Re: Silicone bronze casting and chasing safety.


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Posted by bruce paul fink on November 22, 1999 at 21:04:36:

In Reply to: Re: Silicone bronze casting and chasing safety. posted by Mark Parmenter on November 22, 1999 at 20:46:38:

Mark... that's a scary but very thought provoking post about wax and fire. Glad you got through that.

For added safety I always fill a cow trough with water outside the studio to jump into if needed.

Sounds absurd maybe,

have Never needed it,

intend to keep doing it just as a redundant habit.

In addition I have a couple of buckets filled with dry to damp sand to throw on something.

Same habit, and have never thrown it.

It is kind of like my auto insurance in which I have never had a real accident but estimate having driven nearly a million miles. Still stay cautious though and to some I'm "a good driver"...

to others "a driver with a lot of luck"...

and to the insurance company philosophy "an accident overdue and ready to happen".

As far as wax melting, one of the safest pots I have found is the old electric "Crock Pot" that was made for cooking beans over the period of the whole day. Slow to heat up but very safe and thermostatically controlled. Has such a low wattage element

that it can not get the wax overly hot. Bet you never heard of a bean reaching it's flash point? I mean in other than the college dormitory?

One of my most used favorites is the old electric Roasting Ovens than have a separate water reservoir beneath in the main heating pan, a double boiler as such, a second roaster pan has the wax. For extended times I use old antifreeze in the lower pot instead of water as that will leave off a smell if it gets too low from evaporation. A good warning system. These are still available for approx. $85.00 but I find them for approx. $4.00 at the Salvation Army store. (Really, got 3 on the shelf waiting for the other one to give in right now.) These will also maintain a level of both solid and liquid waxes in the same pot.

But my most used is the much feared gas fired OR electric element beneath a large stainless steel commercial cooking bucket. The kind used for Kup-A-Kitsun-Undone or 'soup for lunch' barracks style. It holds about 130 lb.. of wax and the burner is about 28 inches below the surface. A light is attached to the line so you always know when the thing is turned on. No overheating allowed.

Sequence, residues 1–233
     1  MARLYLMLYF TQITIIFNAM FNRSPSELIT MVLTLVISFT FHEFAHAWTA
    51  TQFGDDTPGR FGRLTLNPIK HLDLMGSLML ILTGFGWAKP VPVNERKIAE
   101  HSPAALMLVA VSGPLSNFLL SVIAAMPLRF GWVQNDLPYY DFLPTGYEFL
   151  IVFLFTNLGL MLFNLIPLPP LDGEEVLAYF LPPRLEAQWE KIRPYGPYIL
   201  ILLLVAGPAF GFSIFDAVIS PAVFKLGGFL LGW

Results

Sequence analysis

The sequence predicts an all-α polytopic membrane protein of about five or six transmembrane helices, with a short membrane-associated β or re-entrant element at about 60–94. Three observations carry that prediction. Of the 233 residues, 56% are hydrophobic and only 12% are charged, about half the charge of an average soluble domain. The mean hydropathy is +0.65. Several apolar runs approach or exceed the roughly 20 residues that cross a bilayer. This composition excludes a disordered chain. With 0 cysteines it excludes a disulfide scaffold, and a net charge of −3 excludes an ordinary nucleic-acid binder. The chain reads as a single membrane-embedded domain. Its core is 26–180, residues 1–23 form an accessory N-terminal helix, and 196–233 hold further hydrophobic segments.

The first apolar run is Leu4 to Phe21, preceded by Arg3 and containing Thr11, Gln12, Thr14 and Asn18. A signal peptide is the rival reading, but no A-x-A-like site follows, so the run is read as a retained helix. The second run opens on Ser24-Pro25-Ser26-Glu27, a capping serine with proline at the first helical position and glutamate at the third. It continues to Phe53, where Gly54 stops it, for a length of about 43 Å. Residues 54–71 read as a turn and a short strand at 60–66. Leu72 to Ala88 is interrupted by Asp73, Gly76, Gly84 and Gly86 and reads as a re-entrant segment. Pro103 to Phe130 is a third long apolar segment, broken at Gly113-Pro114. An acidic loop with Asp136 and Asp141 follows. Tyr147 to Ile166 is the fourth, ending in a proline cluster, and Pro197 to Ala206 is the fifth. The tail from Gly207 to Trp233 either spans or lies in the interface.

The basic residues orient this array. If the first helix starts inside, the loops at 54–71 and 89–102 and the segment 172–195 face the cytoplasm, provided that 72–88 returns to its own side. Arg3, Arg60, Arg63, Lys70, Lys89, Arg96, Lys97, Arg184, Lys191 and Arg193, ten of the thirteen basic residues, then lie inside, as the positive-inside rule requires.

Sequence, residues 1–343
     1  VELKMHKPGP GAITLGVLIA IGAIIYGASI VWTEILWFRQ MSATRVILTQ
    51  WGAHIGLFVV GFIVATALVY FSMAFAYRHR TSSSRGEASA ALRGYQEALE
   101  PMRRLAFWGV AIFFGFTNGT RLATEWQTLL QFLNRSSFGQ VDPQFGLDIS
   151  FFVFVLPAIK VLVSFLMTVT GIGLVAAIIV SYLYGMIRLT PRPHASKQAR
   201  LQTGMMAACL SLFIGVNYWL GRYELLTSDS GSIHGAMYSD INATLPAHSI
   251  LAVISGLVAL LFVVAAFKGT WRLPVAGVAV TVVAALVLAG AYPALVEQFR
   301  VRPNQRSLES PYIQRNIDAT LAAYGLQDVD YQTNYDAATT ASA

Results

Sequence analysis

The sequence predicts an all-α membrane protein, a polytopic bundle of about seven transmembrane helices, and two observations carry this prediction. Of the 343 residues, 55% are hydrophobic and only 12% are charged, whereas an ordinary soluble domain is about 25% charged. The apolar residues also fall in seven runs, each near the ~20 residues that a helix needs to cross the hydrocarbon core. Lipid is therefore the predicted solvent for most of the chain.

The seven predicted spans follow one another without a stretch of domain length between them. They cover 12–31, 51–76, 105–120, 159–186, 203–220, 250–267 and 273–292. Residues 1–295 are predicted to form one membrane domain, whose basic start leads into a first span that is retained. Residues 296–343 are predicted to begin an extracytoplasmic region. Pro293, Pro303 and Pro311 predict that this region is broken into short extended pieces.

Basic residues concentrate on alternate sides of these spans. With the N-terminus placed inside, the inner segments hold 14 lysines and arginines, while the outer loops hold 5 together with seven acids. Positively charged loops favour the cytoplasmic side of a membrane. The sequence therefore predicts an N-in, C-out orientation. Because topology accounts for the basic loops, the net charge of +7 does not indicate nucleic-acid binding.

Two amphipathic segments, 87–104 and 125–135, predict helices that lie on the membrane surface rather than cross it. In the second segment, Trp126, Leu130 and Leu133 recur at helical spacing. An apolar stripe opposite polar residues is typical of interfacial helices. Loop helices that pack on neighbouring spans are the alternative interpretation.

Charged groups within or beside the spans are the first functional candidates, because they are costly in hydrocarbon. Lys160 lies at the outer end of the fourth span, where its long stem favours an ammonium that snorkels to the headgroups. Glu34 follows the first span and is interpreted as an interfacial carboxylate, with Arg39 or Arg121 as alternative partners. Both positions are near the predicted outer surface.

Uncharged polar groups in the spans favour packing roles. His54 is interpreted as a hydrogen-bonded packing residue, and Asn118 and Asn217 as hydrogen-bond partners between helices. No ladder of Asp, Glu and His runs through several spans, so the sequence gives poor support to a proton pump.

Some of these come with a second jacket lining of water (or where originally used with steam heat as the heat source)

and are available at restaurant surplus outlets.

If you are not familiar with these you are missing the best commercial yard sale of goods around. Check the Yellow Pages.

Restaurants go under all the time and their used or outdated properties end up there and can be in absolutely great condition for cheapo resale.

And the best is to use 2 to 3 pots at a time, all with different temperatures, so you have the full range of wax working types and consistencies to choose from as the piece progresses.

PLEASE do note here that I am referring to melting waxes in a quantity that is fairly large to some standards. Seldom have less than 50 lb. in a container (unless it is the Crock Pot that only holds about 10). Smaller quantities can reach a flash point very

fast and the danger lurks high there.

Good luck.

PS. I also hang several bristle paint brushes into the wax pots from side wire frame hangers. If the wax ever gets too hot it will let you know by the bristles dissolving.

Then you are really playing it too close.


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